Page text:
5. 5. POTASSIUM EXCRETION Renal excretion is the major route for elimination of dietary and other sources of K+ excess. The filtered load of potassium (GFR x plasma potassium concentration) = (180 L/d x 4 mmol/L = 720 mmol/day) is 10 to 20 fold greater than ECF potassium content. 90% of filtered potassium is absorbed in proximal convoluted tubule. It is absorbed passively with sodium and water. Na+ K+ 2 Cl- cotransporter mediates K+ uptake in thick ascending limb of loop of Henle. Contd….
  6. 6. POTASSIUM EXCRETION Contd…. The cell responsible for K+ secretion in late distal convoluted tubule and cortical collecting duct is the principal cell, the driving force being favourable electro chemical gradient across the luminal membrane of the principal cell. The electrical gradient is created by electrogenic Na+ absorption leading to lumen negative trans epithelial potential difference (TEPD). The adults uptake of Na+ by principal cell occurs via apical Na+ channel and is driven by low intracellular Na+ concentration relative to lumen of CCD. The mechanism of transport of Cl- in distal nephron is less clear. Contd….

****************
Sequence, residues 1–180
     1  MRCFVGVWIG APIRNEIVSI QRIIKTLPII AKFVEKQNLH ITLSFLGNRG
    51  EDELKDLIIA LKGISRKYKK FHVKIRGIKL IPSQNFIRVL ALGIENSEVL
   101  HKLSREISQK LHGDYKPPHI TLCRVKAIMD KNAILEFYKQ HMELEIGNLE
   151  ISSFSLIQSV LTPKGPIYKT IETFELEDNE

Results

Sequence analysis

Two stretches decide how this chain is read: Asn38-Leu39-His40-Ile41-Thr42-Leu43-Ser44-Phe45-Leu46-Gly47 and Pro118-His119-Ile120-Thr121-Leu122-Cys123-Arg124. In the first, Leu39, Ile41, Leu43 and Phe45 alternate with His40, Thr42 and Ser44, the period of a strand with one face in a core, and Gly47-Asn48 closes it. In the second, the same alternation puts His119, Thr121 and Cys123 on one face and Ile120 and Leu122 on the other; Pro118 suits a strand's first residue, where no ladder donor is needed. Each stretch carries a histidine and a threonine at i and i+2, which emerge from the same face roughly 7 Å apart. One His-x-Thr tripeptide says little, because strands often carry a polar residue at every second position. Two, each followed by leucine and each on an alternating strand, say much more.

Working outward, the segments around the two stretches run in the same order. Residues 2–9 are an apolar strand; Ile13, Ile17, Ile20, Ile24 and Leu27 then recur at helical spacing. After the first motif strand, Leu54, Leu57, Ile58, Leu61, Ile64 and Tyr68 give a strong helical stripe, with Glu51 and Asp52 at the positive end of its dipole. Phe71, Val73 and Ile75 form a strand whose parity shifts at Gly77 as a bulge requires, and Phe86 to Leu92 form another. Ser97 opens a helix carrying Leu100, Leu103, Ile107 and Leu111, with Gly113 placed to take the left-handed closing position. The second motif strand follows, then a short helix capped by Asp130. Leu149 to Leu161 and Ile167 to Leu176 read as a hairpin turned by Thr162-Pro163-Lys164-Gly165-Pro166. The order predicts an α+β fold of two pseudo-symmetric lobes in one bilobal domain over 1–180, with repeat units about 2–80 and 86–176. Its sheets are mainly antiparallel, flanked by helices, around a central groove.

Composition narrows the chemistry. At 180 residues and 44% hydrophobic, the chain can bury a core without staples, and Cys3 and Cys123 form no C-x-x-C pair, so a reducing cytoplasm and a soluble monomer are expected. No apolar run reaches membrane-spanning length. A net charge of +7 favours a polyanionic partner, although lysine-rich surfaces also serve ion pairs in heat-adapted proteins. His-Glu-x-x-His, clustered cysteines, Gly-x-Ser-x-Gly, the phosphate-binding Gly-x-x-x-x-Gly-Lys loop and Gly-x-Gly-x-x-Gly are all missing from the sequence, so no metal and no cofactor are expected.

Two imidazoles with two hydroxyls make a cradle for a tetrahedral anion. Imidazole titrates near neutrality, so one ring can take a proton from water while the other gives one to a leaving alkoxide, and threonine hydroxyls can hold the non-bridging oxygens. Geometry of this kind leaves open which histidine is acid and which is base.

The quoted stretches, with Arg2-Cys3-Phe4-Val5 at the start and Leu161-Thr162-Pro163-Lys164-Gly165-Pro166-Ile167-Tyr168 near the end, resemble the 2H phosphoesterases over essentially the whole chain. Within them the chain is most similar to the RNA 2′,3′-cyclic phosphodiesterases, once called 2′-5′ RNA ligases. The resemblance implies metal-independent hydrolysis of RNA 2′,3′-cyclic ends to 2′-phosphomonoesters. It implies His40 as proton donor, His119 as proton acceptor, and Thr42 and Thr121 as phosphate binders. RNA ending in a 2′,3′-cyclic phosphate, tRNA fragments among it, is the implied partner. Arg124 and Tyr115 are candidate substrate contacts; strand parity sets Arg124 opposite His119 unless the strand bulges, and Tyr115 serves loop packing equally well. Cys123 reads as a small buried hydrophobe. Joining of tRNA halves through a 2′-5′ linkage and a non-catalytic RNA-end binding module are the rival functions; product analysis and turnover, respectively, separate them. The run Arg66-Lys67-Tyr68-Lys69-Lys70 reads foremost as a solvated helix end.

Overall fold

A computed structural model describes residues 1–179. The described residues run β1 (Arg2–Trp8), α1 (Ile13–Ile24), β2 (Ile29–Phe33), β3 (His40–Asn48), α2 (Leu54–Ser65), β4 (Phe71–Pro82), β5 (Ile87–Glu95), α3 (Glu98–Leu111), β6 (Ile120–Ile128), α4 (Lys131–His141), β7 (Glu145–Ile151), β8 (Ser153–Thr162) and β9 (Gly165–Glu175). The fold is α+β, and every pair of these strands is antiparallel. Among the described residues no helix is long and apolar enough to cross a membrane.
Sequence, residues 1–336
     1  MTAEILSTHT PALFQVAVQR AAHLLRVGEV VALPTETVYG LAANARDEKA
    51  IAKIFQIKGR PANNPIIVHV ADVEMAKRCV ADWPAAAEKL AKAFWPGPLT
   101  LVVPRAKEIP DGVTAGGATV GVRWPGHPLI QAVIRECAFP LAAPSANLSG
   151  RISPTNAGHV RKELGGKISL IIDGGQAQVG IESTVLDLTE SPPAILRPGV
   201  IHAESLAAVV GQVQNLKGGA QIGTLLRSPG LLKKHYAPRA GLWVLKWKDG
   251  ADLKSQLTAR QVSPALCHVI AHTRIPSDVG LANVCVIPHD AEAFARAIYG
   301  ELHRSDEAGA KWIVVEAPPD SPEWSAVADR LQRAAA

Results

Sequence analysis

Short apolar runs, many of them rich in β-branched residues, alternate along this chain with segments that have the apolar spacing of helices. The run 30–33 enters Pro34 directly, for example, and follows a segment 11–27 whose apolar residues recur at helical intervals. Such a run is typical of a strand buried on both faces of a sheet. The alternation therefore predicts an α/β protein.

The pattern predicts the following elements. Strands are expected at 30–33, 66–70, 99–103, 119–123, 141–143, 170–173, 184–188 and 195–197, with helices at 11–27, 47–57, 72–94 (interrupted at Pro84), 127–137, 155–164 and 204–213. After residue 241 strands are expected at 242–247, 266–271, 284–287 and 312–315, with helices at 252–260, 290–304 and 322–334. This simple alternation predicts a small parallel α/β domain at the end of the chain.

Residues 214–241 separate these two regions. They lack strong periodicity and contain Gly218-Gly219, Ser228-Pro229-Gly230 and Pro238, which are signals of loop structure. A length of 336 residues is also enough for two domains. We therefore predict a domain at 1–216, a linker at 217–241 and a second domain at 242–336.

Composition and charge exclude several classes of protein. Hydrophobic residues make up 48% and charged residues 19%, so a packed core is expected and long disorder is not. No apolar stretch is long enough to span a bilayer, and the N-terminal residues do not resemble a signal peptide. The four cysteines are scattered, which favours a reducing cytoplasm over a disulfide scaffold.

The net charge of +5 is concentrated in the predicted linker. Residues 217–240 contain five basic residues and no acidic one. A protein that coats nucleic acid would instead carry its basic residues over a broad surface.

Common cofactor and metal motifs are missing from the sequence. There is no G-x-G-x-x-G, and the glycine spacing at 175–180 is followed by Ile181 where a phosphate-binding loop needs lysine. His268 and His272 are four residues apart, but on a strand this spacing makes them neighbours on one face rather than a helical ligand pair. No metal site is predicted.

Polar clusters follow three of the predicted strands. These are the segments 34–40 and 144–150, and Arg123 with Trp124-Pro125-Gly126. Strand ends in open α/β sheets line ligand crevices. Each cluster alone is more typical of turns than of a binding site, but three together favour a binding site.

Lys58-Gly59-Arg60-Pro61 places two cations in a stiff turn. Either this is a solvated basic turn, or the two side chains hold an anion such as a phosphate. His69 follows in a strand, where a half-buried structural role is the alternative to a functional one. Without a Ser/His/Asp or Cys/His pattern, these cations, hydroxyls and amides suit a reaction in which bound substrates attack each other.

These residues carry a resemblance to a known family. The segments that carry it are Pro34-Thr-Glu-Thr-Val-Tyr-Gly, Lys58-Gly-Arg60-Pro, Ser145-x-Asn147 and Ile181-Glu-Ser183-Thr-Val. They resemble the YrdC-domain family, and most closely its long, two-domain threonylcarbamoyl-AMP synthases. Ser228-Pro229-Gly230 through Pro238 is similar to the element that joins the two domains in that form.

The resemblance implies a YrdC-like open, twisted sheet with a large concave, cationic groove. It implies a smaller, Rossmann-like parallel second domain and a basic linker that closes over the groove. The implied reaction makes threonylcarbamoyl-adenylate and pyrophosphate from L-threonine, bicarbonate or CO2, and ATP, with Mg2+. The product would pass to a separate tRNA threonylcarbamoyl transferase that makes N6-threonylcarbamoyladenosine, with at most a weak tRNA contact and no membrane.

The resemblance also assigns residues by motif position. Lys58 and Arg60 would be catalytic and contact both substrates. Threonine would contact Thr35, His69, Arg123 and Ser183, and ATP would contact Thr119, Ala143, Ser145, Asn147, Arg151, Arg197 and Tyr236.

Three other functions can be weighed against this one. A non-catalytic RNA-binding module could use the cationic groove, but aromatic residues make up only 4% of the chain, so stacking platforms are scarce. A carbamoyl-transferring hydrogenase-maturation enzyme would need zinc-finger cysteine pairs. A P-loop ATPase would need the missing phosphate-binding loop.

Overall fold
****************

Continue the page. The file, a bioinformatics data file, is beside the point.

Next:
7. 7. POTASSIUM EXCRETION The cell responsible for K+ secretion in late distal convoluted tubule and cortical collecting duct is the principal cell, the driving force being favourable electro chemical gradient across the luminal membrane of the principal cell. The electrical gradient is created by electrogenic Na+ absorption leading to lumen negative trans epithelial potential difference (TEPD). The adults uptake of Na+ by principal cell occurs via apical Na+ channel and is driven by low intracellular Na+ concentration relative to lumen of CCD. The mechanism of transport of Cl- in distal nephron is less clear. Contd….